And it certainly outperformed the pre-beacon content he used to write.
Even before joining Typeform, Sancar chafed against the old ways of content marketing.
“You’d spend half a day at most writing a post, then the rest of your life begging for backlinks,” he recalled.
“Imagine you have 10 credits and each credit is a currency that you can spend on content creation or promotion. So, you can invest in design, writing, research—everything goes into that piece of content. Or, you can spend it on outreach: trying to get people to talk about, write about, and link to that piece of content. How will you spend your credits?”
In Sancar’s experience, most marketers favor promotion over content. Others follow a 50/50 rule of thumb.
But Sancar noticed that it took hundreds and hundreds of those infamous 500-word articles to move the needle on any of their KPIs. And his team hated every second of it.
Mediocre content is just hard to promote.
“If you want to generate links, create a beacon piece of content. Create something that people want to link to.”
When he joined Typeform, Sancar got the green light to test the beacon content he always wanted to create.
Their first big success was the article on Siri’s voice, Susan Bennett. During its development (and future endeavors), the Typeform team adhered to a simple guideline: SURF.
Even before publishing their first post or sending their first email, the Typeform marketing team hammered out a set of rules for their work.
Typeform’s gold standard for any communication is SURF:
You’ll notice he didn’t mention length. It doesn’t take 5,000 words to make beacon content. Sometimes, shorter is better.
It’s more important to write something truly insightful that someone will want to share.
For Sancar, a true piece of beacon content is something that “you reference in a conversation the same way you do a good book or a good movie.”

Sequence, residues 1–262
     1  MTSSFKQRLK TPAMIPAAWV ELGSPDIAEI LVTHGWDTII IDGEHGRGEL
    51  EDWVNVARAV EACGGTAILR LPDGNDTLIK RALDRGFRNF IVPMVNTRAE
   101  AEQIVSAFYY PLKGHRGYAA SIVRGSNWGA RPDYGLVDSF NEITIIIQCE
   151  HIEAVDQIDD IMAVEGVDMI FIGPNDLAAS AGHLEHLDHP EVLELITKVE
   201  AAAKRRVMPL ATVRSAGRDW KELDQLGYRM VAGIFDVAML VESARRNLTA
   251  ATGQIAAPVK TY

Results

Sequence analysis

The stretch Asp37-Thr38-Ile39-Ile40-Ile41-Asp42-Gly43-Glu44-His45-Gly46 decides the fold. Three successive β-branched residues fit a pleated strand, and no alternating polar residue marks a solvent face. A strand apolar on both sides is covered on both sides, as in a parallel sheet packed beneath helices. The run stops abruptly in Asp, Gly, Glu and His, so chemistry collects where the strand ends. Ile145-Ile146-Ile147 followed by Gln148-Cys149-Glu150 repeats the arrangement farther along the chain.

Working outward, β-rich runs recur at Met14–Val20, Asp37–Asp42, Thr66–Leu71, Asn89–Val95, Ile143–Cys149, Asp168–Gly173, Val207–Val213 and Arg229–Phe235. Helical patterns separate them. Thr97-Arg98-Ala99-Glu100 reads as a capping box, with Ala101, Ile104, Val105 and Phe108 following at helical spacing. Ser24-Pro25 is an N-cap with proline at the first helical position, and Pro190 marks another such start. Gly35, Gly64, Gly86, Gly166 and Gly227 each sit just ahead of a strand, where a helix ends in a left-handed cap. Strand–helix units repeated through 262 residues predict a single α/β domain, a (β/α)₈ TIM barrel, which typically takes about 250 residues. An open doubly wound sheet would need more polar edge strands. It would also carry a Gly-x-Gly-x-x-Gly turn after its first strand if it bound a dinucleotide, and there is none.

If he enjoys it—or learns from it—so much that he’ll talk about it with coworkers or casual friends, then it deserves a beacon title.
He also thinks beacon content should…
Inspire you to interact with it
Be super well researched
Be well crafted
And of course, it needs to pass SURF. Readers should learn something useful or remarkable while enjoying the friendly tone and accessible style.
How to Get A Slice of the Budget Pie
Sancar admits that, if his CEOs had known up front how expensive the Siri article would be, they might never have approved it.
Now that they’ve seen the numbers, Sancar has free reign to continue producing them.
When considering costs, Sancar says, “Think about the cost of demotivation.”
How is your current strategy holding back the talented marketers and writers on your team? What kind of viral content could they produce if they worked on a beacon piece?
If you have receptive CEOs, then sit down with them to confirm budget numbers and set up initial goals. “Make sure they understand you’ll be spending money and time.”
If they’re skeptical, start by asking them for one project. Have an idea ready and come with examples of what other companies achieved. If they do approve it, make sure you collect data carefully so you can show them how successful it was.
Ultimately, Sancar said, “Be clear about what you want to achieve.”
If you surround yourself with creative people who know what your goals are, you’re more likely to make your beacon content come alive…without begging for backlinks.
Note: Ready to create some beacon content of your own? Try Leadfeeder Free to see which companies visit your site when you press ‘post.’